Wednesday, December 26, 2012

Skin on Frame Housing - the yurt gets a roof

Progress on the yurt continues.  Much of the progress is imperceptible to anyone but myself but the progress is there.  As it turns out, my initial suspicion that my first yurt would be a prototype for working the kinks out of the design turned out to be true. So let me share what I've discovered so far.
 I got the crown on the central ring of the yurt.  I used some kayak rib stock, 1/4 inch by 3/4 inch white oak, socketed into the central ring and lashed together with tarred seine twine. The idea behind the crown is that it will be open under normal conditions but covered when it is raining or heat needs to be kept in the yurt.
Another discovery I made after the initial assembly of the yurt was that for the sake of getting a good setup it helped to trace a circle on the ground first before erecting the walls so that the walls would form a perfect circle.  The perfect circle is essential so that all the rafters are the same distance from the central ring.
I also discovered that I had much more wood in the central ring than I needed and so it was too heavy and difficult to get into position when no help was available. What I did to remedy the weight problem was to cut some of the extra wood away from the center of the ring.  It was way stronger than it needed to be.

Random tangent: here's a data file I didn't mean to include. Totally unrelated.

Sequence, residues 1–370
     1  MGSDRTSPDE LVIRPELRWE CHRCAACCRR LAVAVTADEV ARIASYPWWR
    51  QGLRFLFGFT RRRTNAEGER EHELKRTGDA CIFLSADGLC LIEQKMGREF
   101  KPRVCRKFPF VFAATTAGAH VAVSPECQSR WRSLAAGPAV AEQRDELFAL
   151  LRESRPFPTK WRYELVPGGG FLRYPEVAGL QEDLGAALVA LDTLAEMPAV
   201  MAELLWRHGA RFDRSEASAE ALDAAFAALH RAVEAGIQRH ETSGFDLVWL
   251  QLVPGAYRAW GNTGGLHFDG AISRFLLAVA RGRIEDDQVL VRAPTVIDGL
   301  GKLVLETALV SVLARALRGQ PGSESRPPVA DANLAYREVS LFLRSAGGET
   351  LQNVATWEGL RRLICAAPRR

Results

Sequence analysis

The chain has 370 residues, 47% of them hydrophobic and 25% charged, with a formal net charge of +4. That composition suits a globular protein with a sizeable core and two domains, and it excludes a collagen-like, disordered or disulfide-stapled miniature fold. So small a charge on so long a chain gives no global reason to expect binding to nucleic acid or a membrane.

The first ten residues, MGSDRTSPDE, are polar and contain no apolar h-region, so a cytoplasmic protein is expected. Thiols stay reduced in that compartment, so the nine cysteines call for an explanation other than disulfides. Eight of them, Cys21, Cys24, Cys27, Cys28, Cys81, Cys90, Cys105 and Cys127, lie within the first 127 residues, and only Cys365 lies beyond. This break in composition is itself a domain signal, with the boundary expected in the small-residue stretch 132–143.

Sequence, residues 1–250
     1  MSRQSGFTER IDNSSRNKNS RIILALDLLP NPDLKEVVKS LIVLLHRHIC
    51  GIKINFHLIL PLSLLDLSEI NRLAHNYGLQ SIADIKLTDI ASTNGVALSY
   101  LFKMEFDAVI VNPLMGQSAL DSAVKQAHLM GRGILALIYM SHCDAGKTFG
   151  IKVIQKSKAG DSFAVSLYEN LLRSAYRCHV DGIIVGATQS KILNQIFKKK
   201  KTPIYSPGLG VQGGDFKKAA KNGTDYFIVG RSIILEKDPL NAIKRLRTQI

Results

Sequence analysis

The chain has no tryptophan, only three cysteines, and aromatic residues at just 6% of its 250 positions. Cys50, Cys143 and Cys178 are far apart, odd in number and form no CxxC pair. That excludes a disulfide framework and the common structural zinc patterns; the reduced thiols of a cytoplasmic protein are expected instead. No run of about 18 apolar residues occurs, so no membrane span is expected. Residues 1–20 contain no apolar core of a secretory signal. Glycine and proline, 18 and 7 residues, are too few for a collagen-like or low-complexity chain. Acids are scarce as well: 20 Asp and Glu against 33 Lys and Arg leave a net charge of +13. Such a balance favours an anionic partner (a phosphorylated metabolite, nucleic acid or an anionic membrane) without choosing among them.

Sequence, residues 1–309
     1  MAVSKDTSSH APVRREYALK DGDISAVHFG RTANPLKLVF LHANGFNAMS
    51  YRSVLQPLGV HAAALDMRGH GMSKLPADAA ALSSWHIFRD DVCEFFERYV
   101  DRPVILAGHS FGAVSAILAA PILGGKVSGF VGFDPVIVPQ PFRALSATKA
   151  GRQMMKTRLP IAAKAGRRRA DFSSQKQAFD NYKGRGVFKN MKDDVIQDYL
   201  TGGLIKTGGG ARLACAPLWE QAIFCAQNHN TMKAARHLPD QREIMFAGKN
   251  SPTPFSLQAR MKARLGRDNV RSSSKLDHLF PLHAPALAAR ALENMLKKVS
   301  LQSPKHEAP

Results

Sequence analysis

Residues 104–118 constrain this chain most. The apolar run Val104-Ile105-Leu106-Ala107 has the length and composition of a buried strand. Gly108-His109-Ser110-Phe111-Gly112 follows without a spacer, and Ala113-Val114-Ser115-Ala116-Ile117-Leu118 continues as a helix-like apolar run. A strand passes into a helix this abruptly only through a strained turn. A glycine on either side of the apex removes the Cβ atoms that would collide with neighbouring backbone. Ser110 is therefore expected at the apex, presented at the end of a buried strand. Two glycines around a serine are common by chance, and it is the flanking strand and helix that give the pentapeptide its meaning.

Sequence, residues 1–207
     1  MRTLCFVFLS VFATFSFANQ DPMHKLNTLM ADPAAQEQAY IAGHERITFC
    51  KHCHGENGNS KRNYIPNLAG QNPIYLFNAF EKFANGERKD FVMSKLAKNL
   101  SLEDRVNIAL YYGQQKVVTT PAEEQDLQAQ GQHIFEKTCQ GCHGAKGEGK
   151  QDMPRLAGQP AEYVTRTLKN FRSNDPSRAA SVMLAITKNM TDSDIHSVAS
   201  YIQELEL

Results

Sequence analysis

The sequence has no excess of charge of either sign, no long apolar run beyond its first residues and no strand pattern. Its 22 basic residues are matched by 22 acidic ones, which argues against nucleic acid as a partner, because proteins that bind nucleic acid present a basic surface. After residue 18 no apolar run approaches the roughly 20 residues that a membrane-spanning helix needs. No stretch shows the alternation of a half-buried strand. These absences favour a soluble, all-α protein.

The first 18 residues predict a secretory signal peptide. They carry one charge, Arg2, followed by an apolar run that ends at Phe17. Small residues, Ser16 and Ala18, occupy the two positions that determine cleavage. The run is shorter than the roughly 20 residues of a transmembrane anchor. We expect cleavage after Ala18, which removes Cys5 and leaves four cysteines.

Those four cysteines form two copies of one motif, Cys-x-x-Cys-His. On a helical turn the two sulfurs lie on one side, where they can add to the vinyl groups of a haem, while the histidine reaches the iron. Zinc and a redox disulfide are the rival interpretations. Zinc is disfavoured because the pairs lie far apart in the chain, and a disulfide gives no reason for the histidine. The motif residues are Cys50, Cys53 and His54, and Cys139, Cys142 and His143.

The next step was to cut out some fabric for the roof.  It took me some time to work out the trigonometry for the roof cover shape, but I did it.  But I have learned to distrust theory and test with an actual life size cover.  The other reason for getting the cover in place was that a series of rain storms were coming into the area and that would be a good test to see how the cover would stand up to the wind.
Here's an inside shot of the cover.  The wind lifted it some and pushed it off center.  Part of the problem is that the shape of the cover is like a pie with a wedge cut out of it and the edges adjacent to the missing wedge get pulled together and glued or sewn resulting in the desired pyramidal shape.
The cover is made out of some sort of vinyl covered fabric that is used for advertising banners.  A friend gave me a bunch of these banners and I cut them up to fit the roof. The fabric has two problems.  One is that it is very heavy and the other is that it is very stiff.  The combination of weight and stiffness makes it very difficult to pull this stuff up on the roof.  The weight also works against its portability.
On the plus side, the cover survived the storm and did not get blown off.  I also discovered that once again, there is nothing like building something to test a design because until you do, it's next to impossible to know what sort of problems the design has.  So far, none of the design elements have been complete failures but lots of them can use improvement.
The list so far.
The wall battens are slightly too flexible.  A bit more stiffness is advisable even at the expense of greater weight.
The skin is too stiff and heavy.  Lighter weight is advisable.
Other commitments have kept me away from the yurt, but the learning continues.  I will continue to post whenever there is progress or even when design ideas fail.

No comments: